Paracrine Wnt ligands participate in cell-cell communication by activating several different signaling pathways including the WNT/B-catenin pathway which stabilizes cytoplasmic b-catenin allowing it to enter the nucleus and activate transcription in partnership with LEF/TCF transcription factors, and non-canonical pathways that control epithelial planar cell polarity, the actin cytoskeleton, cell movements, and cell adhesion. These pathways can interact with each other, and perform critical functions in skin and hair follicle development and disease. However, the mechanisms by which signaling is limited and controlled to provide proper patterning of hair follicle development, and the ligands, receptors and downstream components that provide specificity to Wnt functions in the skin are incompletely identified. Delineating the components of these pathways and dissecting their mechanisms of action will be critical for developing strategies for skin and hair follicle regeneration in cases of congenital absence or loss, and for the treatment of hair growth disorders and epidermal tumors. To determine the mechanisms by which WNT/b-catenin signaling is controlled and patterned in the skin, uncover novel functions of non-canonical Wnt signaling, and identify receptors mediating these pathways, we will: (1) Identify secreted inhibitors that limit WNT/B-catenin pathway activity and pattern hair follicle development in embryonic skin; (2) Determine whether the non-canonical Wnt pathway components Daam1 and Daam2 act downstream of Wnt5a and control proliferation and hair follicle stem cell maintenance by regulating the actin cytoskeleton; (3) Test the hypothesis that the closely related Wnt receptors Fzd1 and Fzd2 mediate both b-catenin-dependent and non-canonical Wnt signaling pathways in developing and hair follicles and epidermis.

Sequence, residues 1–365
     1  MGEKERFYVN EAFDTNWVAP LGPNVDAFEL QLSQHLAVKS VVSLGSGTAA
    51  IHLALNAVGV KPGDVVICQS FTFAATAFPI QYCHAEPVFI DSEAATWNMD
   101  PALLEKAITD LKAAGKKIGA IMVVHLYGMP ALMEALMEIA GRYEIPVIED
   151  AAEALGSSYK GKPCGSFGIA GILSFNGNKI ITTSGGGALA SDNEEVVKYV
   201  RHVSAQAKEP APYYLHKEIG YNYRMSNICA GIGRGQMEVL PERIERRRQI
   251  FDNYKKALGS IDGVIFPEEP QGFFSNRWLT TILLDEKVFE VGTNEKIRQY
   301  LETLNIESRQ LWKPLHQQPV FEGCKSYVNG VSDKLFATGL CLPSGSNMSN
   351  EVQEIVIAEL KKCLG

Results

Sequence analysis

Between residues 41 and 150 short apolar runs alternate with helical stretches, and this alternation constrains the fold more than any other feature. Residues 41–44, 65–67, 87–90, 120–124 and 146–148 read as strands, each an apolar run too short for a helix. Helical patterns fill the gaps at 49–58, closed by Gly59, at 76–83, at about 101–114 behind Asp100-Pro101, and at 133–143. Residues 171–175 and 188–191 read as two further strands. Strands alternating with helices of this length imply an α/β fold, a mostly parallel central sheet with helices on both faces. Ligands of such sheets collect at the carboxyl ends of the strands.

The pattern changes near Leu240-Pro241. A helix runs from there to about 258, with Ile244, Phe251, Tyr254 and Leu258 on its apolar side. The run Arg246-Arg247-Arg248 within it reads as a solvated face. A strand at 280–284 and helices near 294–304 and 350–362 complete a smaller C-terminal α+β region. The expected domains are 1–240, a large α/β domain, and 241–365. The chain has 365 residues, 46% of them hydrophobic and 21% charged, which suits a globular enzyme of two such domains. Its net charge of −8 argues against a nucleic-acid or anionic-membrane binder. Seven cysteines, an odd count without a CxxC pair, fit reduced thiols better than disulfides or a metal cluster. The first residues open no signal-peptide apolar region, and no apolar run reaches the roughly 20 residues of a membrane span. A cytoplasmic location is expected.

Public Health Relevance

Development and maintenance of the epidermis and hair follicles requires extensive communication between different cell types, and defective or dysregulated communication pathways can lead to hair loss disorders and skin cancers. Secreted Wnt proteins activate several different signaling pathways in recipient cells and play key roles in skin and hair development, hair growth, and tumorigenesis. The goal of this proposal is to delineate mechanisms that control Wnt activity, and to identify receptors and downstream components that provide specificity to Wnt functions in the skin and could provide novel therapeutic targets for hair loss diseases and skin cancers.

National Institute of Health (NIH)
National Institute of Arthritis and Musculoskeletal and Skin Diseases (NIAMS)
Method to Extend Research in Time (MERIT) Award (R37)
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Arthritis, Connective Tissue and Skin Study Section (ACTS)
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Cibotti, Ricardo
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University of Pennsylvania
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